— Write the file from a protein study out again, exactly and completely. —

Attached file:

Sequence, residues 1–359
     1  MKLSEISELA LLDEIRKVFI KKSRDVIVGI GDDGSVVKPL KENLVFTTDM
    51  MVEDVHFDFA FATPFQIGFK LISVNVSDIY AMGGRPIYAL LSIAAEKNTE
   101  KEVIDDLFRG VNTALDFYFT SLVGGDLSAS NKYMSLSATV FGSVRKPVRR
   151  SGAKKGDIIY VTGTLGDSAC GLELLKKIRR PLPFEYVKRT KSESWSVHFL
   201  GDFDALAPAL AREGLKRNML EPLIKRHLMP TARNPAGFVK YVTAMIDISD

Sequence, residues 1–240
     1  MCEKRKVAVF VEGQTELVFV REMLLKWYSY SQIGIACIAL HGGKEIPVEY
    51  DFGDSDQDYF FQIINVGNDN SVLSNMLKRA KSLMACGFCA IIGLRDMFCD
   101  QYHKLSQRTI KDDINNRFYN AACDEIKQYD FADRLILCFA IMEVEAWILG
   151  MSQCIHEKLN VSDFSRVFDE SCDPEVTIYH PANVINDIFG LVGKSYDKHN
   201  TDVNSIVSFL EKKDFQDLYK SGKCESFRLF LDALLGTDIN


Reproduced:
Sequence, residues 1–359
     1  MKLSEISELA LLDEIRKVFI KKSRDVIVGI GDDGSVVKPL KENLVFTTDM
    51  MVEDVHFDFA FATPFQIGFK LISVNVSDIY AMGGRPIYAL LSIAAEKNTE
   101  KEVIDDLFRG VNTALDFYFT SLVGGDLSAS NKYMSLSATV FGSVRKPVRR
   151  SGAKKGDIIY VTGTLGDSAC GLELLKKIRR PLPFEYVKRT KSESWSVHFL
   201  GDFDALAPAL AREGLKRNML EPLIKRHLMP TARNPAGFVK YVTAMIDISD

Sequence, residues 1–240
     1  MCEKRKVAVF VEGQTELVFV REMLLKWYSY SQIGIACIAL HGGKEIPVEY
    51  DFGDSDQDYF FQIINVGNDN SVLSNMLKRA KSLMACGFCA IIGLRDMFCD
   101  QYHKLSQRTI KDDINNRFYN AACDEIKQYD FADRLILCFA IMEVEAWILG
   151  MSQCIHEKLN VSDFSRVFDE SCDPEVTIYH PANVINDIFG LVGKSYDKHN
   201  TDVNSIVSFL EKKDFQDLYK SGKCESFRLF LDALLGTDIN